Elston Howard, the first Negro to play for the New York Yankees and one of the last links to their triumphant past, was traded yesterday to the Boston Red Sox. The 38-year-old catcher became an ex-Yankee after 13 seasons for the waiver price of $20,000 plus two young players who will be delivered at the end of the season.
Howard, who got the news at 8 A.M., said he was “shocked.” For a time yesterday, while clearing out his locker at Yankee Stadium, he considered retiring as a player because “I’ve been here all my life and I always felt I would finish my career as a Yankee.” But he was persuaded to join the Red Sox in Bloomington, Minn. this weekend by two things: Boston is making a remarkable run for the American League pennant. And the Yankees made clear in a public statement that they hoped Howard would return to the club when his playing days ended. “Ellie has been through the pennant battles before,” said Michael Burke, the president of the Yankees, “and his experience should prove invaluable to Boston. We hope he will talk with us about his future when his playing career is over.”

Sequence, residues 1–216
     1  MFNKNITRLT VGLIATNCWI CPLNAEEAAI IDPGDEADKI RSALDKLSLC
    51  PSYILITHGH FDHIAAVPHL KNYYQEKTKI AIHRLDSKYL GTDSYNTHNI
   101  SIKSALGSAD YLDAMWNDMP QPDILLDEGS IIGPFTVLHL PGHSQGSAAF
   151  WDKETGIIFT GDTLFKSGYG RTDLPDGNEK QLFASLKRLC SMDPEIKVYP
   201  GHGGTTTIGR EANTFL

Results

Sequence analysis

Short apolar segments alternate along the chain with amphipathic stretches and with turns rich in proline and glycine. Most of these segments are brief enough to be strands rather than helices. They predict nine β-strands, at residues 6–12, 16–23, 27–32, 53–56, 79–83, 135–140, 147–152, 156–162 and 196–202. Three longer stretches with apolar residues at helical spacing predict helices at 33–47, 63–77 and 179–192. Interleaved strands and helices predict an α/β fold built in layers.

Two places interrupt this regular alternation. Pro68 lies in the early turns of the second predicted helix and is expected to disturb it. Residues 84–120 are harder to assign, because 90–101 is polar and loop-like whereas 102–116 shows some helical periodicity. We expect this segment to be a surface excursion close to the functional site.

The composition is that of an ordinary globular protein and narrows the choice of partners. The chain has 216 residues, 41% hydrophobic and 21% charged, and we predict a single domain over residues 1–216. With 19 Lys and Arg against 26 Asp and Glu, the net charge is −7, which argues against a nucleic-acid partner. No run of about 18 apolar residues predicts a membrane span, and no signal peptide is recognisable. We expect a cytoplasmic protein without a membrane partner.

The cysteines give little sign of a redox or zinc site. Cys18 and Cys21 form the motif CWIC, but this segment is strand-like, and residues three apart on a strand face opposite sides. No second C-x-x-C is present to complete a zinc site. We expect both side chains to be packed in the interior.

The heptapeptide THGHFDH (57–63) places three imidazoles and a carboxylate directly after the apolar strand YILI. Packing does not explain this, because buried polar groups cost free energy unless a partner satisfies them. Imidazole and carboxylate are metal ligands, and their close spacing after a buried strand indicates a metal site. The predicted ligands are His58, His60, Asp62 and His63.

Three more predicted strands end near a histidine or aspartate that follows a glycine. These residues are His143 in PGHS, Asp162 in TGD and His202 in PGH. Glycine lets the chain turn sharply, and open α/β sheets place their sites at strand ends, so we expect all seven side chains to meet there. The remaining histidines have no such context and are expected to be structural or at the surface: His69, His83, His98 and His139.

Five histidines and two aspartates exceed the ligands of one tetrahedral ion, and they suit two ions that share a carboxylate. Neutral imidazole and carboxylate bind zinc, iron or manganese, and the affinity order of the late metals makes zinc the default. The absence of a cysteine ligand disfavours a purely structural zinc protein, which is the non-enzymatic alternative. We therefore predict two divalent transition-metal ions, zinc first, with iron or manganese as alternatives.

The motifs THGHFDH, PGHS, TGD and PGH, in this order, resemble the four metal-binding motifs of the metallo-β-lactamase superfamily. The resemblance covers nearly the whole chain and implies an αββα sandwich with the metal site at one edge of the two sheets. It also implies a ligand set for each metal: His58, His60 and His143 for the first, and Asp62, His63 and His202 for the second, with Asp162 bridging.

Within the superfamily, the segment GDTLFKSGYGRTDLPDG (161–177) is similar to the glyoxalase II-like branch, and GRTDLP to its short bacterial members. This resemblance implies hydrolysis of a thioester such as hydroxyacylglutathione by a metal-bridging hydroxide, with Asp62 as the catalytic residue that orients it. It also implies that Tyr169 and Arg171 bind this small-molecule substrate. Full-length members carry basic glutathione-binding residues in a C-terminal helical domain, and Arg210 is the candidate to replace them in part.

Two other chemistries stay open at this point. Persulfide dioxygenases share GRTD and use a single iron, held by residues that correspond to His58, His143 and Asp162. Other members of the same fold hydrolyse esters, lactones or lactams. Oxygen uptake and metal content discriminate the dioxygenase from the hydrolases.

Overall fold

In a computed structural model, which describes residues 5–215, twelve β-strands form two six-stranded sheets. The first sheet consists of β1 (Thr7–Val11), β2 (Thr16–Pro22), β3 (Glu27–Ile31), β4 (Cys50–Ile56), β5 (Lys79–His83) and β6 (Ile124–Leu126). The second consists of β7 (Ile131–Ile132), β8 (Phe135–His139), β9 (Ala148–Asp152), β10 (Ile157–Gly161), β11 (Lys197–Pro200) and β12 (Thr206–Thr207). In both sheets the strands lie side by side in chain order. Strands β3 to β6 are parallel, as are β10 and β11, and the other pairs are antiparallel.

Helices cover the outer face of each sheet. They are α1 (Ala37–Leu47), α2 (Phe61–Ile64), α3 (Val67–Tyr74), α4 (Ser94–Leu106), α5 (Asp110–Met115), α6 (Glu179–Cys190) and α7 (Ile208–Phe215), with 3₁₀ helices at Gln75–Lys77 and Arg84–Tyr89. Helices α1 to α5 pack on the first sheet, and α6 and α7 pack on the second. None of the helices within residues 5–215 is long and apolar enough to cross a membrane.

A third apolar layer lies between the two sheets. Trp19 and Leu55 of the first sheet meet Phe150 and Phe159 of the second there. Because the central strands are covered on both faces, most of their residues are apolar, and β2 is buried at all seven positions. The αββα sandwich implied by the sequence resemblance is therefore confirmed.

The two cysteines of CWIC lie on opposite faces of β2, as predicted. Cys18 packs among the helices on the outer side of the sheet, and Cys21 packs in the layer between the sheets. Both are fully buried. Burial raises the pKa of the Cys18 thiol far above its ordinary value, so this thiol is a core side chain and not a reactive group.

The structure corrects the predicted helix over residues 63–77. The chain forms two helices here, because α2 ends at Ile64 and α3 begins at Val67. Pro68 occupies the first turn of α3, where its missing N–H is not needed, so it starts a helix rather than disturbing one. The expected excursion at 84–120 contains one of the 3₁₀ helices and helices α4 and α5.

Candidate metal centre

Howard, who has played in nine World Series and nine All-Star Games and who earns $65,000 a year, left little doubt that he had expectations of staying in baseball. He owns a prospering travel agency and has numerous other business irons in the fire. But he has been rated a strong candidate for a Yankee coaching job and even has aroused talk that he might some day become the first Negro manager in baseball. But yesterday these possibilities were overpowered by his sense of dismay at leaving the Yankees as the empire continues to be dismembered.